Sean Connery is back and BlogalongaBond wouldn’t miss it for the world. What’s that you say? A moon buggy?
James Bond (Sean Connery) is back, that Australian business all but forgotten as he finally mudbaths Ernst Blofeld (Charles Gray) and finds himself unenthusiastically hunting diamond smugglers. Usurping the identity of one Peter Franks, Bond infiltrates the smuggling ring via Frank’s contact Tiffany Case (Jill St. John). Forced to kill the real Frank when his cover is under threat of being compromised, Bond switches IDs so that it appears MI6 is onto them, spurring Case to reveal the diamonds’ location and follow Bond to Los Angeles.
Meanwhile Blofeld, still alive and quickly running out of doppelgänger, dispatches henchmen Mr. Wint and Mr. Kidd to systematically kill the remaining smugglers so that he might accumulate enough diamond to power his laser. Having faffed around with the diamonds for an unnecessary length of time, the prize lost in a wave of convolutions, Bond finally infiltrates a research laboratory owned by Willard Whyte – the apparent destination of the stolen diamonds – and discovers Blofeld to be behind this latest madcap scheme.
Like a dolled up elephant accessing the many slot machines peppering this episode of Bond, United Artists have successfully matched Goldfinger‘s director Guy Hamilton with returning star Sean Connery, claiming a box office jackpot following the comparatively underwhelming On Her Majesty’s Secret Service. After the reasonably straight-faced exploits of George Lazeby’s Bond, Diamonds Are Forever marks a return to the dafter days of Connery, where assassins kill by scorpion and secret agents survive by grand theft moon buggy.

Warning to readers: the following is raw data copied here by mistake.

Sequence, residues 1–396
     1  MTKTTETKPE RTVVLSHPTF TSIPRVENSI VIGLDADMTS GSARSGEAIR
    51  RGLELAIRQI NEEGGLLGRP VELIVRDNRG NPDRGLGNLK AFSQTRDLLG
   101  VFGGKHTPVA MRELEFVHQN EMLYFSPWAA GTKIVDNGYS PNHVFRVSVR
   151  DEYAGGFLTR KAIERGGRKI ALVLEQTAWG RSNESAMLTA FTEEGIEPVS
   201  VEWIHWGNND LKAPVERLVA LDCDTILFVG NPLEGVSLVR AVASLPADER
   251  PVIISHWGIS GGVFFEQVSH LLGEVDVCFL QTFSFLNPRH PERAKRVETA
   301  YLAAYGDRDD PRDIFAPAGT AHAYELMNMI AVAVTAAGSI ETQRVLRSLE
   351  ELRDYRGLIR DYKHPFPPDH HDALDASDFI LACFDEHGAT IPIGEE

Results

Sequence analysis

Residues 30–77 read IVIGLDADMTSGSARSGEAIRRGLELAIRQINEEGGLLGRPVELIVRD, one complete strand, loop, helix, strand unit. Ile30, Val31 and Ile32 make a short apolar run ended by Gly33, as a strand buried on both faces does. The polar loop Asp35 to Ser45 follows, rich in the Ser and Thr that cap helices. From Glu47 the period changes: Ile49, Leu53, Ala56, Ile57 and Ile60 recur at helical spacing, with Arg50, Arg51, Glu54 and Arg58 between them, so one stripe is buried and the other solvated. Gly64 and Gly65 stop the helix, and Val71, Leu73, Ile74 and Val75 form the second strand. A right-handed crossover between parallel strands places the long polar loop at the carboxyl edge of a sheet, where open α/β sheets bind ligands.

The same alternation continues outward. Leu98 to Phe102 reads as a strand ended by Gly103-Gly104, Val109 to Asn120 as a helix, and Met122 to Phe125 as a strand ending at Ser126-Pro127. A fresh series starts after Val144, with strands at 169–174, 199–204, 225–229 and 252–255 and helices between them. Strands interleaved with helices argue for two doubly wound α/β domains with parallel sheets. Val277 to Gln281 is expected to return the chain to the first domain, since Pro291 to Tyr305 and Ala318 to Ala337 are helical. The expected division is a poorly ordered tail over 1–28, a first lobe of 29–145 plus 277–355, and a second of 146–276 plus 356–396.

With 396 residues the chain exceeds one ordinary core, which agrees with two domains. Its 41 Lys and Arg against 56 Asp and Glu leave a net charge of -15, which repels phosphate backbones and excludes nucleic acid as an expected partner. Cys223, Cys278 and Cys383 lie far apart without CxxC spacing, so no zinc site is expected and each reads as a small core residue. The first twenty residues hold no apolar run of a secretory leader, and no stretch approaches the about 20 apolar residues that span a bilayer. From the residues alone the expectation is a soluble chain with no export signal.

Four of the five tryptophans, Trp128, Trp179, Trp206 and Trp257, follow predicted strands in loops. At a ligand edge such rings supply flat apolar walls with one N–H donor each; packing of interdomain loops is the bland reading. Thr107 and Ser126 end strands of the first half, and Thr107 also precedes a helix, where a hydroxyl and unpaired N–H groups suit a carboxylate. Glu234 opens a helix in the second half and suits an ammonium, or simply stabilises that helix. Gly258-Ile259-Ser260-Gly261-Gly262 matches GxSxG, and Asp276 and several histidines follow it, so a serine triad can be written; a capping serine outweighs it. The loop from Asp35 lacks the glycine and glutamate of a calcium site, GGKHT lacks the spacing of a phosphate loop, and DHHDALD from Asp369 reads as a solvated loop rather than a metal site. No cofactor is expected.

Taking a cat’s eye into the opening titles, adorned with the welcomingly familiar dulcet tones of Shirley Bassey, it becomes immediately clear that we’re back in the studio’s comfort zone after a somewhat costly misfire. The safety net of an ensemble is not quite complete, however, as Ernst Blofeld Mark VIII (or something) soon proves with his apparently contractual actor-plant. This has an unfortunate impact on dramatics, as this mini-trilogy of films is brought to a close by different actors than those who started it. The chemistry is off, a fact that is confounded further by the fact that Connery doesn’t appear to have watched the previous instalment at all. Hey, wrinkles, he kind of killed your wife.
Clearly attempting to lighten the tone after Lois Maxwell’s Miss Moneypenny dared to emote at the end of the previous film, the filmmakers introduce hand-holding henchman Mr. Wint and his partner Mr. Kidd to skip, finish one another’s sentences and generally beggar belief – relatively more successfully, it must be said, than Blofeld the 3rd. The
Darwin antagonist award goes to Bambi and Thumper, however, a pair of gymnast bodyguards who turn the tables on an increasingly middle-aged Bond, bringing him to his knees for a change with a kick in the double o’s.
My biggest problem with Diamonds Are Forever, like the rest of the series to date, was how needlessly complicated it all was. Despite the fact that the film follows a pretty strict formula, the intricacies of the plot still manage to allude me as I sit down to pen my opening synopsis. There’s some stuff about a stuffed carnival prize, some gratuitous gambling and a truly baffling scene involving cassette tapes. Maybe it’s just late, but with so many characters dying before I can reasonably determine their role in the narrative, my enjoyment never really progresses beyond the most superficial of levels.
Decidedly camp, consistently mad and suddenly trite, Diamonds Are Forever is undoubtedly a step backwards for a franchise in desperate need for a new lease of life. That said, I must admit I absolutely loved it. Maybe it’s the current cinematic climate, but my intolerance for filmic flamboyance is not as tried as my complete aversion to anything needlessly dark and depressing. Leaving the cross-dressing aside for a moment, however, the film boasts the franchise’s most engaging car chase to date, a slew of intentionally funny-one liners and a lift-set skirmish that is very almost visceral – tongue very firmly in cheek as it should be.
While this might mark the end for Connery’s take on the character, the Scotsman certainly goes out with a bang. Very much as bonkers as it is brilliant, however, it is not a movie which will appeal to all. That said, patience is a virtue, and there will be plenty of time for frowns and free running when Daniel Craig (currently 3 years of age) has put toddlerhood behind him. Enjoy the fun factor while it lasts.